Rosell-García, T., et al. Differential cleavage of lysyl oxidase by the metalloproteinases BMP1 and ADAMTS2/14 regulates collagen binding through a tyrosine sulfate domain. 294(29) 11087-11100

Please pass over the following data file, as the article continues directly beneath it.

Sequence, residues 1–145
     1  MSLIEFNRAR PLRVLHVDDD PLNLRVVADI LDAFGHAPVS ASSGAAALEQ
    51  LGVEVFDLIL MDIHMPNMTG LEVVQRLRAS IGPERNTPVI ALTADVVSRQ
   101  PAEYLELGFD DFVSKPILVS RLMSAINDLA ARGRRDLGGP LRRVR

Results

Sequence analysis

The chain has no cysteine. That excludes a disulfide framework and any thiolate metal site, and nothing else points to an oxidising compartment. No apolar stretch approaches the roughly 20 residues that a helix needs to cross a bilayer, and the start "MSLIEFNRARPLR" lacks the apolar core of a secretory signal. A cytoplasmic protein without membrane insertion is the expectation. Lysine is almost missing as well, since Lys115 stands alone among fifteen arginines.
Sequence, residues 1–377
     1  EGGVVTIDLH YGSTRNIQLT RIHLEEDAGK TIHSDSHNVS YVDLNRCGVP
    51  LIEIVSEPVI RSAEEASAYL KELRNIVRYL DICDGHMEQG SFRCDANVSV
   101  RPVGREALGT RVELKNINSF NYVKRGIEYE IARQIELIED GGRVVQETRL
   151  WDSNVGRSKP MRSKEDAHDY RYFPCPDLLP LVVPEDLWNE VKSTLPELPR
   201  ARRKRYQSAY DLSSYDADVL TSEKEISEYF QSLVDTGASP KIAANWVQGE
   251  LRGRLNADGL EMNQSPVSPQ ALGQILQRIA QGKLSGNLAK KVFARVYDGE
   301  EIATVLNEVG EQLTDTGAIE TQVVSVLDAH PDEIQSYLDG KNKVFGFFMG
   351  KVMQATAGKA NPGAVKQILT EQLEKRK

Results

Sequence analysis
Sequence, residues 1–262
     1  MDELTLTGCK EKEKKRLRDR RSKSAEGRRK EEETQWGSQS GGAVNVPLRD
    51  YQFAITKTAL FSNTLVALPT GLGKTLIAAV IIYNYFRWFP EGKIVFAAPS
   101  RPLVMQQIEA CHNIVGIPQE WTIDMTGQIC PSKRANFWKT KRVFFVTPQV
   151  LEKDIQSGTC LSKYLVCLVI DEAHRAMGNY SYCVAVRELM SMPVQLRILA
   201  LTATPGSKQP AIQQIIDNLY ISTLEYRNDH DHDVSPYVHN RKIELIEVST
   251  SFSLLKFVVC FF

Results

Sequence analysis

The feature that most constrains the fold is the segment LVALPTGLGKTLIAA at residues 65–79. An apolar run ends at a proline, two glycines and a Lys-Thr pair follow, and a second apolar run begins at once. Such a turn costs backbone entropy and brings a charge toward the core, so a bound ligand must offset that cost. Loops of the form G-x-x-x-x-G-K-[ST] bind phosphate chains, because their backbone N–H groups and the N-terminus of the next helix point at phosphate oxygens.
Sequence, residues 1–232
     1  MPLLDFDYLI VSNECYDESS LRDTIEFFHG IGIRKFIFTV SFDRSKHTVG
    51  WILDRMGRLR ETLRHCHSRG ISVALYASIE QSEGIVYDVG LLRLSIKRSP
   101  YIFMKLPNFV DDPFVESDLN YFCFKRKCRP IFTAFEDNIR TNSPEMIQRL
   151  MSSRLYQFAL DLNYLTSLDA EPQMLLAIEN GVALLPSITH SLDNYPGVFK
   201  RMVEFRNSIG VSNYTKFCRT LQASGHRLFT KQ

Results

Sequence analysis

Collagens are the main structural component of the extracellular matrix (ECM) and provide biomechanical properties to connective tissues. A critical step in collagen fibril formation is the proteolytic removal of N- and C-terminal propeptides from procollagens by metalloproteinases of the ADAMTS (a disintegrin and metalloproteinase with thrombospondin motifs) and BMP1 (bone morphogenetic protein 1)/Tolloid-like families, respectively. BMP1 also cleaves and activates the lysyl oxidase (LOX) precursor, the enzyme catalyzing the initial step in the formation of covalent collagen cross-links, an essential process for fibril stabilization. In this study, using murine skin fibroblasts and HEK293 cells, along with immunoprecipitation, LOX enzymatic activity, solid-phase binding assays and proteomics analyses, we report that the LOX precursor is proteolytically processed by the procollagen N-proteinases ADAMTS2 and ADAMTS14 between Asp-218 and Tyr-219, 50 amino acids downstream of the BMP1 cleavage site. We noted that the LOX sequence between the BMP1 and ADAMTS processing sites contains several conserved tyrosine residues, of which some are post-translationally modified by tyrosine O-sulfation and contribute to binding to collagen. Taken together, these findings unravel an additional level of regulation in the formation of collagen fibrils. They point to a mechanism that controls the binding of LOX to collagen and is based on differential BMP1- and ADAMTS2/14-mediated cleavage of a tyrosine-sulfated domain.